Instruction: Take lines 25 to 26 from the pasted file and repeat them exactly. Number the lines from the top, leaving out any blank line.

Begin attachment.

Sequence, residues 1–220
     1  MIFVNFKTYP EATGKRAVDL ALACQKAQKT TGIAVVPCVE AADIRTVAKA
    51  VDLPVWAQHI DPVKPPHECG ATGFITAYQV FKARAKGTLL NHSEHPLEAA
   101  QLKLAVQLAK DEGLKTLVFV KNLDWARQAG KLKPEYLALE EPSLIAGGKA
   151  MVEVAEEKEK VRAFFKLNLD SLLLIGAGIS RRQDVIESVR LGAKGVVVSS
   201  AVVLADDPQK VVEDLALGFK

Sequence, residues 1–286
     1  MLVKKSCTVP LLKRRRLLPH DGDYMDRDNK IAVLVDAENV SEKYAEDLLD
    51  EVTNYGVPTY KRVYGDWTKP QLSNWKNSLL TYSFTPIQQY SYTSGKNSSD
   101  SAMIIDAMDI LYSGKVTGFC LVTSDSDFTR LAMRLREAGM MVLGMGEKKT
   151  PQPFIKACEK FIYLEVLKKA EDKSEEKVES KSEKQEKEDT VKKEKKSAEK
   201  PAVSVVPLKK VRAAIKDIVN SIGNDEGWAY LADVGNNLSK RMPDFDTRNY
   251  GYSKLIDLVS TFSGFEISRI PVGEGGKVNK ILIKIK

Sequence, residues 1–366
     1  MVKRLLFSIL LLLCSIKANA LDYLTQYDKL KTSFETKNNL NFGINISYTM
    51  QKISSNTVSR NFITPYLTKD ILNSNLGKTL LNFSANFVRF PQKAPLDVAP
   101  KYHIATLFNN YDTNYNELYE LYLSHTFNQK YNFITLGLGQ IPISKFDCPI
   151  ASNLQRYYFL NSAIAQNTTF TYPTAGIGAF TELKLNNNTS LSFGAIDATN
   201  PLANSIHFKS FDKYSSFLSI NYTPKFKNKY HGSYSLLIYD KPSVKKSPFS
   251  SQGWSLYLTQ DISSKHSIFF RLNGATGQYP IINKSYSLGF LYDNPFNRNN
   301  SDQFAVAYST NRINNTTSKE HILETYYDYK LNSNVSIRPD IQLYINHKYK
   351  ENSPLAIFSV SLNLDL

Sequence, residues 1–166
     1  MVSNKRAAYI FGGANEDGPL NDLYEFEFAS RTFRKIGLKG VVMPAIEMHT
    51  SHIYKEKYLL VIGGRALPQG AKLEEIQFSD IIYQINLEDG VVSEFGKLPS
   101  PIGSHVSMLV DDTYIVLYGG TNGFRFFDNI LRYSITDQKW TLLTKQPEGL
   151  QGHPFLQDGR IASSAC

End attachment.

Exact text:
    51  SHIYKEKYLL VIGGRALPQG AKLEEIQFSD IIYQINLEDG VVSEFGKLPS
   101  PIGSHVSMLV DDTYIVLYGG TNGFRFFDNI LRYSITDQKW TLLTKQPEGL